|SAN JUAN, April 2 - La Unión del Pueblo Entero has now helped 500 immigrant students successfully apply for Deferred Action status, meaning they can legally work in the United States for the next two years.
The first of the 500 students to learn she is now legal is 21-year-old Julieta Paredes of Port Isabel. Asked if she is proud to be the first among LUPE’s 1,000-plus applicants to secure a temporary green card, Paredes said she is proud, period.
“I am just so glad that I finally got a chance to be here without worrying about deportation or getting a job legally. I was already in school but now I am in school and I do not have to put a zero, zero, zero when asked for my social security number. Now I have one. I am just proud,” said Paredes, a student at the University of Texas at Brownsville.
Paredes is thinking of going into education when she leaves college, perhaps becoming an ESL or Special Ed teacher. “I am not sure yet. I might do both. I feel I can do anything now,” Paredes said.
Like so many undocumented students, Paredes, whose family comes from Veracruz, Mexico, was brought into the United States without the proper paperwork unknowingly. “I was six when I came here. I did not know what legal or illegal was,” she said.
Paredes lives with her mom and stepdad in Port Isabel. She has lived there for the 15 years she has been in the U.S. Her father still lives in Mexico. Her stepdad is a taxi driver and her mom works at a local restaurant.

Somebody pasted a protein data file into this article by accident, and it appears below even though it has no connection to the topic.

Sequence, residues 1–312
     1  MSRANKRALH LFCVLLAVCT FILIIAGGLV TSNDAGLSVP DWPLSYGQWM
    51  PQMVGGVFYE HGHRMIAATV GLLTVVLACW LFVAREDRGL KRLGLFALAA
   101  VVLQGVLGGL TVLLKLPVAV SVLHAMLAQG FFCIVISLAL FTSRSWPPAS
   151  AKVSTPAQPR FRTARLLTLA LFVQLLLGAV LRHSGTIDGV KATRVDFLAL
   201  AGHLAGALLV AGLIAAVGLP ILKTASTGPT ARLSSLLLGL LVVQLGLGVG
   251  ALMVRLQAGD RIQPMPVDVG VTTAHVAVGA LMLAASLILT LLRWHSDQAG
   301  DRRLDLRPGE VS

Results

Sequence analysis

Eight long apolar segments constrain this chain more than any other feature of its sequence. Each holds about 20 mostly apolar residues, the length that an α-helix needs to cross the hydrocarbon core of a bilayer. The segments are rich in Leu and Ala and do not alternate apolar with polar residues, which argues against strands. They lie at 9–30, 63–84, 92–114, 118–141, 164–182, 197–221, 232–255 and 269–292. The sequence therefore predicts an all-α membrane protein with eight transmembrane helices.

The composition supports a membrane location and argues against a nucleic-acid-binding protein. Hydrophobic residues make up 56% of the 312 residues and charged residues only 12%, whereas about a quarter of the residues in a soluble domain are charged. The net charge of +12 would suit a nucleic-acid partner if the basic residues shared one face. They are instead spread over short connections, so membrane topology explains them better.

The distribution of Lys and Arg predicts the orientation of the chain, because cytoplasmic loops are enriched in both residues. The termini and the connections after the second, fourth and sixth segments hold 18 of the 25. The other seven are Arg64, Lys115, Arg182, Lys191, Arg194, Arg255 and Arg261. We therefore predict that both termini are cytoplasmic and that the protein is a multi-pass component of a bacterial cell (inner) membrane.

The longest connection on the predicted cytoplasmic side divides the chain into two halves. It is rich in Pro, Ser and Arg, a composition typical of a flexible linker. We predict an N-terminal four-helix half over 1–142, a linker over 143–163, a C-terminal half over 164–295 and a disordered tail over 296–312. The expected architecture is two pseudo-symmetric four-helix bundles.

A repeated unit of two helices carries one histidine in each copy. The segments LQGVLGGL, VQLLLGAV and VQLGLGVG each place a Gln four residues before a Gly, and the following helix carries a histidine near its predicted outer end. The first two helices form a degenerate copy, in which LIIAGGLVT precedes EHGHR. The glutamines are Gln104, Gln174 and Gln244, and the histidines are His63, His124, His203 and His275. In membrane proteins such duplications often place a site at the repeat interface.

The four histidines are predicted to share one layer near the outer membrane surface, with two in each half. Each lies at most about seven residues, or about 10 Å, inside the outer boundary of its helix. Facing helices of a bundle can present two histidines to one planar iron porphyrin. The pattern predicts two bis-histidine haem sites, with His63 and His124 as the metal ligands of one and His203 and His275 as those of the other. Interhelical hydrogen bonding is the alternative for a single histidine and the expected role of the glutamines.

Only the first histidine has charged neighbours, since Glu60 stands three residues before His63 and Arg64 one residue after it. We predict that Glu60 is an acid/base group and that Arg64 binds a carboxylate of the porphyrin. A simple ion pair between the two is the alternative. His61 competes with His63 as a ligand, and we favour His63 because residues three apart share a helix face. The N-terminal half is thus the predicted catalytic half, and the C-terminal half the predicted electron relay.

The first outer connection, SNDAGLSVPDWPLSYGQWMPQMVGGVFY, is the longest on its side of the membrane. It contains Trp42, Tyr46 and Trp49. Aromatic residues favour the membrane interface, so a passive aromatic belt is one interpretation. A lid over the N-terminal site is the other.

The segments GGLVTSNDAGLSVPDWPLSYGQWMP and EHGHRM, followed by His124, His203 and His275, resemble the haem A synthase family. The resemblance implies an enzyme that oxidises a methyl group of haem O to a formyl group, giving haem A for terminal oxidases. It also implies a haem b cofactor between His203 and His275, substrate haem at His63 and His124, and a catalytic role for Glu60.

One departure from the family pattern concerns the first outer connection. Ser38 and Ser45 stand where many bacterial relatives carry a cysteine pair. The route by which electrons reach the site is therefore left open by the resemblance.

Asked if she was surprised when she heard the news about DACA being introduced, Paredes said: “I was watching TV and my sister called me and she said, hey, turn the channel. I turned it and I started listening (to the President) and I started crying. I thought, oh my God. It seems like it is not a big deal to most people but when you are in this situation it is the best thing that can happen to you. It is just two years but it is so much more to us. It is hope. It is a big deal.”
Before President Obama announced his Deferred Action for Childhood Arrivals (DACA) executive order last June, Paredes admits she was drifting through college. Now that she knows she can work she has a lot more drive and focus.
“I knew I wanted to be someone. I knew I wanted to go to college but I was not encouraged to finish fast. I thought, I am not going to be able to work, why rush through it. I was taking it slow, I was taking semesters off. I was getting discouraged, actually. Then, that (DACA) happened and it motivated me to finish and do something. I am ready,” Paredes said.
DACA offers administrative relief from deportation for two years. Although successful applicants can reapply for a further two years, a future presidential order could end the program just as quickly as it started. In the meantime, Congress could pass comprehensive immigration reform, and specifically the DREAM Act, which would allow students like Paredes the chance to become U.S. citizens. Asked if she is concerned the law could change again Paredes answered, yes.